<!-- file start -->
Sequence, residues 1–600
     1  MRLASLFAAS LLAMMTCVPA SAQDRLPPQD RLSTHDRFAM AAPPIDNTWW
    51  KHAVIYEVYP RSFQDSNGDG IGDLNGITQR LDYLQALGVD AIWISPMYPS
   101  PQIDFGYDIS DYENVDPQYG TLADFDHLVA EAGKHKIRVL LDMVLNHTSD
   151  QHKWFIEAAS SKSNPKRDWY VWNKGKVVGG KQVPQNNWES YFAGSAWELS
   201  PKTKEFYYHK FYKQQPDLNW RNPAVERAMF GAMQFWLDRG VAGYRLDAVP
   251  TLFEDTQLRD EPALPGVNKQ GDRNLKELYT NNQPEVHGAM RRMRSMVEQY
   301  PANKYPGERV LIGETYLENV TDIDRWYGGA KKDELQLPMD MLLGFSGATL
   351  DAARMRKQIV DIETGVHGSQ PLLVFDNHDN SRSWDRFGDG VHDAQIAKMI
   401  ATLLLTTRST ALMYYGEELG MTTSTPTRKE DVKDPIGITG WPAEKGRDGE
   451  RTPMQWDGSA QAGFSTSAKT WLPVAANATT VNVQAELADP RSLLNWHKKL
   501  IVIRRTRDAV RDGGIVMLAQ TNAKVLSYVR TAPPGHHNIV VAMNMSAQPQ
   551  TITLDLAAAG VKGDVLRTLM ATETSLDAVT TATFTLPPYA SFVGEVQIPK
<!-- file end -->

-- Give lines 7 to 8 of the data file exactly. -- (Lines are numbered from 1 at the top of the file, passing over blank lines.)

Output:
   251  TLFEDTQLRD EPALPGVNKQ GDRNLKELYT NNQPEVHGAM RRMRSMVEQY
   301  PANKYPGERV LIGETYLENV TDIDRWYGGA KKDELQLPMD MLLGFSGATL